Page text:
And all because when I looked at the TV screen, I wanted to see which one Steve Nash was. I wanted to see the pick and roll.
Maybe we will never be free of these prejudices, and these preconceptions, and these things that make us nervous. Maybe that’s a naive goal. But we can talk about them at least. We can admit them. It’s a good time to start. We’ve come a long way in this country, and I think most people are ready to listen to each other, and can probably identify their own reflection in another’s burdened and honest confessions.
It’s a shared experience, after all, race in America. We’ll do better by sharing the experience together.
Also, the Christian Broadcast Network approves:
He takes a line or two to task, but quickly reiterates that those are small points that should obscure from the value of the whole.
I bring this to the table in hopes that people who might be disinclined to read (or watch) and consider the speech will understand that it really does transcend the obvious politics involved.
I too am a racist. I too hate that I have this inside of me. I live in a northeastern Louisiana city, where all the nearby small towns have populations of more blacks than whites. I try to evict the racism from within me, but it is so hard at times.
I am white. The African Americans who live around here (enough of them that it seems to be a majority, but probably is not) refuse to use proper English and grammar. If they have a query, they will “ax” you a “kwushin”. They have been attending the same schools as their white counterparts for nigh on 30-40 years now, have had the same access to an education as the rest of us, so there is simply no excuse for this.
When out in public, they have no class…shouting at their kids at Wal-Mart…screeching at their friends in parking lots and restaurants. So I kind of dislike many of them, but I also dislike the part of me that dislikes them.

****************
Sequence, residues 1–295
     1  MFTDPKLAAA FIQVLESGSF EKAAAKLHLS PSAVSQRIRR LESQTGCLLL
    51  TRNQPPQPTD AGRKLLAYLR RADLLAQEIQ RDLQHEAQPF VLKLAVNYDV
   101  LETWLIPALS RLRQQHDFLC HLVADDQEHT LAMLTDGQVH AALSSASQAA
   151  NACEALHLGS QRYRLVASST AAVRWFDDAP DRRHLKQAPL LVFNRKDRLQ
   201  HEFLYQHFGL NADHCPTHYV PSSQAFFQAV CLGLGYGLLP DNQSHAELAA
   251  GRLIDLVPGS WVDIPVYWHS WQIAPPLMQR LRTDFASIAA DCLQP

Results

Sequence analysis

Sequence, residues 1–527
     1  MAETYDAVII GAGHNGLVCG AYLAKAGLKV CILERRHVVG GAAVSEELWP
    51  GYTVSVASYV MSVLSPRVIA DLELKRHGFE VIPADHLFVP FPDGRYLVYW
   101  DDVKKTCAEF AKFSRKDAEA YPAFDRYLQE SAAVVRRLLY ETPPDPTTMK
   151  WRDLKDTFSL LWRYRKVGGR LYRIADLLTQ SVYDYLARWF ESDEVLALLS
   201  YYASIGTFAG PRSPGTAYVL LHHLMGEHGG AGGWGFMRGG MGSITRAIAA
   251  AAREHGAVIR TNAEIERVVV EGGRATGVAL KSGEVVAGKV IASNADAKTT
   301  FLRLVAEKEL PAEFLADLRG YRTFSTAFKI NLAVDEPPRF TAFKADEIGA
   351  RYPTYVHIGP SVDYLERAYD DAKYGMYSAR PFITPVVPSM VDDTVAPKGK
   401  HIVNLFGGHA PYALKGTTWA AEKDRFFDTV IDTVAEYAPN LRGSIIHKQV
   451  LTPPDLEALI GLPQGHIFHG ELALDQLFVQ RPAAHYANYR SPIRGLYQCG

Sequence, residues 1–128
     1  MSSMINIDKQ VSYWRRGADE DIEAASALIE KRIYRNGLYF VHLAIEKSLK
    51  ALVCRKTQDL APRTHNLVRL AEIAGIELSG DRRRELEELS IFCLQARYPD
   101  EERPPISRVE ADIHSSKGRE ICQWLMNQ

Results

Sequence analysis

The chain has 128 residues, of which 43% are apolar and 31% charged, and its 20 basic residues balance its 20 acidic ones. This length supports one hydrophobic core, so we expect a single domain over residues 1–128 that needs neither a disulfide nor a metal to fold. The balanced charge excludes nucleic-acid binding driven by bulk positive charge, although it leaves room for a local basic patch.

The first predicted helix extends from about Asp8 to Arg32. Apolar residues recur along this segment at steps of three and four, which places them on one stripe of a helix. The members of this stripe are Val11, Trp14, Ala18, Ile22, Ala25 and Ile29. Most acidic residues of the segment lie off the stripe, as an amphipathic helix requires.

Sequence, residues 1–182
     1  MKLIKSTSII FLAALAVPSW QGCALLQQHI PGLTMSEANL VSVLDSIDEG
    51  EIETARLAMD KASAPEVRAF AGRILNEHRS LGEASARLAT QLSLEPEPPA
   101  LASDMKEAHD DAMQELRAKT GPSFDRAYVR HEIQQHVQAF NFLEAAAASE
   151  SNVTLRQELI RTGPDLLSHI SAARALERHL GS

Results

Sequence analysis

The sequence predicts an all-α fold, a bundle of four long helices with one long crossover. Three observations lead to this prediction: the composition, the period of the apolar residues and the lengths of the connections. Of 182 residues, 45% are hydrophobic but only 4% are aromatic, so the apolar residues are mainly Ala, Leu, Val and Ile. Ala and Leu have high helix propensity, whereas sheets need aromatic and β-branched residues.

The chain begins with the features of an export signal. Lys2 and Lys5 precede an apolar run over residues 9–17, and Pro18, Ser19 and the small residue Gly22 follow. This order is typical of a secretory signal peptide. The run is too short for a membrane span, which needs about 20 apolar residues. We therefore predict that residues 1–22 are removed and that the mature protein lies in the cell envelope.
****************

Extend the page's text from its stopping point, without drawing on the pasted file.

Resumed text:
And I know some of them probably have issues with me. Privileged white woman, speaks proper English, has enough money to pay for my groceries with my debit card instead of the food stamps card.
And then as a nurse, I’ve worked with plenty black co-workers, and taken care of plenty of black patients who I came to care about deeply.
It’s time we all had a dialog, get this stuff out of our systems, as best we can, and then try to get past as much of it as we can, until the next time. Then hopefully, each subsequent episode will get easier.
“And I say that not because it might change your vote, but because it might change you.”
Well put, Barry! I too have heard the comment that “America is not ready for a black president,” usually spoken by someone who means “I am not ready for a black president.” I think you have hit on the crux of the matter: Obama’s speech transcends politics. There is hope here that we can rise above ourselves through honesty.
I also appreciate Dana’s honesty (above). Being honest with ourselves does not preclude being compassionate about that which we hate, or detest, in ourselves. As a matter of fact, the honesty seems to be long overdue. We have been dancing around this issue for too long.
The two books you recommend ought to be required reading in every high school in America. Great post.